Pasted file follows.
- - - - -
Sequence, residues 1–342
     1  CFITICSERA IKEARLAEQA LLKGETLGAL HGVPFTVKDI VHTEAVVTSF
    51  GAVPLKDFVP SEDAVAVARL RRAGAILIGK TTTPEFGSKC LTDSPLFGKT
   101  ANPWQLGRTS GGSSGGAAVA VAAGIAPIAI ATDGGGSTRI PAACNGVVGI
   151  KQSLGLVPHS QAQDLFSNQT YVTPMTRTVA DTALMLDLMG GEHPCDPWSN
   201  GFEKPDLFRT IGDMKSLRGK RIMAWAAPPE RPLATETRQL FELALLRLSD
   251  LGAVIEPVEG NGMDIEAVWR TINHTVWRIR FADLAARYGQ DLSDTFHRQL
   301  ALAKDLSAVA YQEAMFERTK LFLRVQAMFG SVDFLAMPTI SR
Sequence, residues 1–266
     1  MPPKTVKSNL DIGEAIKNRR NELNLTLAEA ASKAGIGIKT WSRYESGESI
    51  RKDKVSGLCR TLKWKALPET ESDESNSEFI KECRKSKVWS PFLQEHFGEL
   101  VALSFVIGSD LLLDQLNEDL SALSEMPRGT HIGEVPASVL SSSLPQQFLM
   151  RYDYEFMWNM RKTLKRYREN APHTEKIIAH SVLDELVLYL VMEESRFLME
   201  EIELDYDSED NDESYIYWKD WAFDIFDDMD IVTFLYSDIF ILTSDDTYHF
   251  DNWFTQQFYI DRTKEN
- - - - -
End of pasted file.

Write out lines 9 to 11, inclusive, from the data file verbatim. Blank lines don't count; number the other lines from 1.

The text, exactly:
Sequence, residues 1–266
     1  MPPKTVKSNL DIGEAIKNRR NELNLTLAEA ASKAGIGIKT WSRYESGESI
    51  RKDKVSGLCR TLKWKALPET ESDESNSEFI KECRKSKVWS PFLQEHFGEL